We were discussing the other day at the HPS meeting about Jaqueline Postil being hard to find, apparently it is hard to propagate even by tissue culture. I am on the look out for one.

    • Cathy says:

      I was told at Bluebell Nurseries last year that scarcity of JP was a propagation issue but I had forgotten the details, so it was interesting to read about your HPS discussion ps I have learned over the years to respect all phobias, Helen…

  3. croftgarden says:

    Edgeworthia is a stunning plant and I’m sure you can squeeze one in somewhere. If it will grow for you, you won’t regret it.

  4. Brian Skeys says:

    Thanks for the tour of Wisley. I wish we lived closer to a RHS garden, they are suppose to be looking for one here in the Midlands.

    • Cathy says:

      Oh I hadn’t heard that Brian – I suppose in the Midlands we are as far away from them all as we could be, except for our Scottish neighbours that is. It would make sense to take over some existing garden I suppose – is it a recent discussion, or just a vague suggestion?

  5. Chloris says:

    A lovely look at Wisley, I would love to see the butterflies. Rubus cockburnianus is lovely but horribly invasive.
    I have tried the gorgeous Edgeworthia twice and both times it died, killed by frost. It is so expensive to buy that I am reluctant to risk it again.
    Lucky you having ED and baby living so close.

  6. Kris P says:

    It must be wonderful to see all those butterflies close up. Perhaps the Poppet needs to visit when she’s a little older. Thanks for sharing your visit.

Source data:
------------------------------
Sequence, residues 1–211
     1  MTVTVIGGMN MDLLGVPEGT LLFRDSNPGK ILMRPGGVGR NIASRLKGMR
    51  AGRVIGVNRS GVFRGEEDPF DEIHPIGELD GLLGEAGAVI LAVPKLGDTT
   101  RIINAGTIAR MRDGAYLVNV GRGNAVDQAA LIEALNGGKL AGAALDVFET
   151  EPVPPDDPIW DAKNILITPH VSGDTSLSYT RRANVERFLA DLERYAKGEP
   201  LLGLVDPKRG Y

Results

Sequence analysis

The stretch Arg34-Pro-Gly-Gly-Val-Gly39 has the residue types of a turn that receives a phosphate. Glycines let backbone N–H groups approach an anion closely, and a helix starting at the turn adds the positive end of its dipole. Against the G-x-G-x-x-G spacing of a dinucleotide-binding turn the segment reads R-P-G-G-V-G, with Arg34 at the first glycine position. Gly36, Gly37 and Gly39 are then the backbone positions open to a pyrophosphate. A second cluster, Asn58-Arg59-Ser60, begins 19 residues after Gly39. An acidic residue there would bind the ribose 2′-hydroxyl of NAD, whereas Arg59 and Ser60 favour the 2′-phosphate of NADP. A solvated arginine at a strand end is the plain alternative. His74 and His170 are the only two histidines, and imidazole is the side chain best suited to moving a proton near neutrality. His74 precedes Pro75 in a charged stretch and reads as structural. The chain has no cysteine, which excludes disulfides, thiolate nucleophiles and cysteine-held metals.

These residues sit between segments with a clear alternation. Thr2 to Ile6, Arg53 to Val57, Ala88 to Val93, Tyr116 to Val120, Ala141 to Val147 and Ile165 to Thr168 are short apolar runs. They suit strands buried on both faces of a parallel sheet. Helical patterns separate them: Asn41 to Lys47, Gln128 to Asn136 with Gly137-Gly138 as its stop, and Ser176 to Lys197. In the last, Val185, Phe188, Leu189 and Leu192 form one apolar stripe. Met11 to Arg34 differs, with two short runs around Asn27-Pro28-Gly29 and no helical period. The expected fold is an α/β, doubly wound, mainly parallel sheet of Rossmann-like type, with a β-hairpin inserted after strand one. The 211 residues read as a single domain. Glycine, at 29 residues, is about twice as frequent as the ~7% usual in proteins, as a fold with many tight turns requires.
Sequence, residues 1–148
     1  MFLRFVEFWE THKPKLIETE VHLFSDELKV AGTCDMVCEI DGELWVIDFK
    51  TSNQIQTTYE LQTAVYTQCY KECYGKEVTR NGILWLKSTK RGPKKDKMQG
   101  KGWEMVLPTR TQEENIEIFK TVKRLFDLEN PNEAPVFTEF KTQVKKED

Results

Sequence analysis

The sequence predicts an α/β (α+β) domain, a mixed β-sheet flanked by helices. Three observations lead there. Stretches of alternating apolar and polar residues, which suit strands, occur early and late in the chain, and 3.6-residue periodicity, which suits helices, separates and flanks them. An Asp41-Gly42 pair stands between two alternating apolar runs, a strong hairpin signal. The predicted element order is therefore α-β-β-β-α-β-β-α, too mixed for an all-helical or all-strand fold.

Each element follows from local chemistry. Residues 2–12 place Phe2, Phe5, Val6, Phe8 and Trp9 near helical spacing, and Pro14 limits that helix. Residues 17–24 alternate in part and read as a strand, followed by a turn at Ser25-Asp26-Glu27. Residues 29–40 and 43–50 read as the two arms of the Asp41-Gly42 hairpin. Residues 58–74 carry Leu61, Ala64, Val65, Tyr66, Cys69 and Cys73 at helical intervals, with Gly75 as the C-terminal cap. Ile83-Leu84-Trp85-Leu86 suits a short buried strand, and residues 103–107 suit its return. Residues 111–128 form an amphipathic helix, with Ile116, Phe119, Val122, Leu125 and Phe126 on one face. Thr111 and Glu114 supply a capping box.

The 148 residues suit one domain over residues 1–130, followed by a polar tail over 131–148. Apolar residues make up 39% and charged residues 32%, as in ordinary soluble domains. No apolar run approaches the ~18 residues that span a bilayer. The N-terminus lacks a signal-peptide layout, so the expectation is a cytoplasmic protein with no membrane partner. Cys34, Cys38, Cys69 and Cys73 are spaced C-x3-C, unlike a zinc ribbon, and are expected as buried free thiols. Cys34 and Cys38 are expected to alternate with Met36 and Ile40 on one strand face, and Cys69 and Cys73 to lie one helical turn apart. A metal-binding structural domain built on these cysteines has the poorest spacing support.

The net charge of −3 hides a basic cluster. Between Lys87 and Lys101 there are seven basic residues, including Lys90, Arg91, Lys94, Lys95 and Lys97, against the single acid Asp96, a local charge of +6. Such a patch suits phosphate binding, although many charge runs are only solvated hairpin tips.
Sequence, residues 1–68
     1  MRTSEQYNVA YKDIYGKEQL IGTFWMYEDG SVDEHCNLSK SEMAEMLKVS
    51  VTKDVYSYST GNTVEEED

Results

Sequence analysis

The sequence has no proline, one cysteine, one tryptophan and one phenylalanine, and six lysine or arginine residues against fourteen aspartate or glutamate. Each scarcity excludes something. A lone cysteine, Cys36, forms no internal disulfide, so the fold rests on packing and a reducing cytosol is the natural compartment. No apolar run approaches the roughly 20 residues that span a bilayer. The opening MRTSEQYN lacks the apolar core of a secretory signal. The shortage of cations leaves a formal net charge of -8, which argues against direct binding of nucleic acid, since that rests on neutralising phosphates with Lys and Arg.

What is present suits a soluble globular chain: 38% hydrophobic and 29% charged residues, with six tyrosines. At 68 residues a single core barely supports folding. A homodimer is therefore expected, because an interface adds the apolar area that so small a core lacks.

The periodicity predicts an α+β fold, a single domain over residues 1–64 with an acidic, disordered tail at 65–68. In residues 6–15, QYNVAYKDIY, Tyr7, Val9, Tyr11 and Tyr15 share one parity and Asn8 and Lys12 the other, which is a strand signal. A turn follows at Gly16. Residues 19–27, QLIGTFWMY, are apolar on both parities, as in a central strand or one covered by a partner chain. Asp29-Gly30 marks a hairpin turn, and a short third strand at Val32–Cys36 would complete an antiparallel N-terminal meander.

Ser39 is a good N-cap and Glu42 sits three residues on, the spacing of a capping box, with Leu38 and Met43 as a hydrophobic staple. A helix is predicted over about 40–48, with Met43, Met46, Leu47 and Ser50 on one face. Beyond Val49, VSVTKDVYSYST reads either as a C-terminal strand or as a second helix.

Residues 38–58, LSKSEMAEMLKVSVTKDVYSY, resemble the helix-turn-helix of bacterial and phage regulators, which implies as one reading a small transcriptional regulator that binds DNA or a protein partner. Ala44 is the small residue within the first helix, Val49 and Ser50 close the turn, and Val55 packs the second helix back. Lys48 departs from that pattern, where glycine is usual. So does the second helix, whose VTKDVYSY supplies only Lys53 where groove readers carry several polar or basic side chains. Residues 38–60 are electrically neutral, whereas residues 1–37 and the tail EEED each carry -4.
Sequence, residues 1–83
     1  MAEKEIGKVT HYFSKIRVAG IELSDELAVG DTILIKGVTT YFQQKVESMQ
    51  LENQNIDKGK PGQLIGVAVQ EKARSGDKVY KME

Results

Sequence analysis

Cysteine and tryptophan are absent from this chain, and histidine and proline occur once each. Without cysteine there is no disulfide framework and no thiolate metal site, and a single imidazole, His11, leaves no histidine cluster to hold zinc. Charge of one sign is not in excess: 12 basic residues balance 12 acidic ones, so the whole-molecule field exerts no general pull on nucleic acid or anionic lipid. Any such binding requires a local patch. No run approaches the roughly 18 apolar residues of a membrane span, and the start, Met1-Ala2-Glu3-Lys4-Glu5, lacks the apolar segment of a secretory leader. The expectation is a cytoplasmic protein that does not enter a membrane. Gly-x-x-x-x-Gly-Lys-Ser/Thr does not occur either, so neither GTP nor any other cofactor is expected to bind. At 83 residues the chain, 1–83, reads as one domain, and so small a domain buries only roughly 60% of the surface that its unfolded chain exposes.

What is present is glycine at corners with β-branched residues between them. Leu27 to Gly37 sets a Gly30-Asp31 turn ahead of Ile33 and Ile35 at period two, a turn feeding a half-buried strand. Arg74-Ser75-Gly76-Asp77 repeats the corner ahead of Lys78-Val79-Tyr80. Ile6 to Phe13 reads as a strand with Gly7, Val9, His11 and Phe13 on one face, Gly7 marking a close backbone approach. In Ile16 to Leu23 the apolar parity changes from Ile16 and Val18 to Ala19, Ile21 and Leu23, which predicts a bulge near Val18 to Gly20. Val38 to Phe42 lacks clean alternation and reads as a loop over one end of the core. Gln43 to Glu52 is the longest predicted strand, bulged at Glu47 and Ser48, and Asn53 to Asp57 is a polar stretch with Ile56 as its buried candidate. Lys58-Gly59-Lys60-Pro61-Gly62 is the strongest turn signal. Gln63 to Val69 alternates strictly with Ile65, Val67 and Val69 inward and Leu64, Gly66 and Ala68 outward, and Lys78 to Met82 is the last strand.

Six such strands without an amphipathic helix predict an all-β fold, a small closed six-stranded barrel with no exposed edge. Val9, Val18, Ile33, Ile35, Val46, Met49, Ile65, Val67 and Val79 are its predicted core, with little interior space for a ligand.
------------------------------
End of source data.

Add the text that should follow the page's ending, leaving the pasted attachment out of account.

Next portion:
• Cathy says:

      They are only about 20 minutes from Wisley and ED is considering membership as it is a pleasant place to visit even for non-gardeners (which at the moment she is!). The butterflies seem to be an annual event so yes, a return visit is more than likely at butterfly time!

  7. bittster says:

    Thanks for sharing the visit with us, and lucky for you to have it so close. The edgeworthia is an interesting thing but unfortunately not hardy for me. If it was I’d surely be tempted!

  8. Amy says:

    Wonderful post, Cathy! I am not sure why butterflies prefer to be photographed with their wings shut, but it always seems they do! That viburnum must be lovely. I would like to think of growing plants with berries a little more…

    • Cathy says:

      Thanks Amy – I was surprised to see all those berries at the beginning of March and assume they don’t appeal to birds otherwise they would have been gobbled up ages ago